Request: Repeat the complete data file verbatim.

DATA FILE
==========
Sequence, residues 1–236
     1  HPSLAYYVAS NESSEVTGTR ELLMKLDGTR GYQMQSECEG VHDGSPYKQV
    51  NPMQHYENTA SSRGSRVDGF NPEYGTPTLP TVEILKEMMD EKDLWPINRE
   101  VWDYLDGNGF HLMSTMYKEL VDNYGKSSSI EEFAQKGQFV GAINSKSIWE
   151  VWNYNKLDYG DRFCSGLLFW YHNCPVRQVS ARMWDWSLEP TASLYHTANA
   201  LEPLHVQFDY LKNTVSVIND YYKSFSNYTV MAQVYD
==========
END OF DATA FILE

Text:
Sequence, residues 1–236
     1  HPSLAYYVAS NESSEVTGTR ELLMKLDGTR GYQMQSECEG VHDGSPYKQV
    51  NPMQHYENTA SSRGSRVDGF NPEYGTPTLP TVEILKEMMD EKDLWPINRE
   101  VWDYLDGNGF HLMSTMYKEL VDNYGKSSSI EEFAQKGQFV GAINSKSIWE
   151  VWNYNKLDYG DRFCSGLLFW YHNCPVRQVS ARMWDWSLEP TASLYHTANA
   201  LEPLHVQFDY LKNTVSVIND YYKSFSNYTV MAQVYD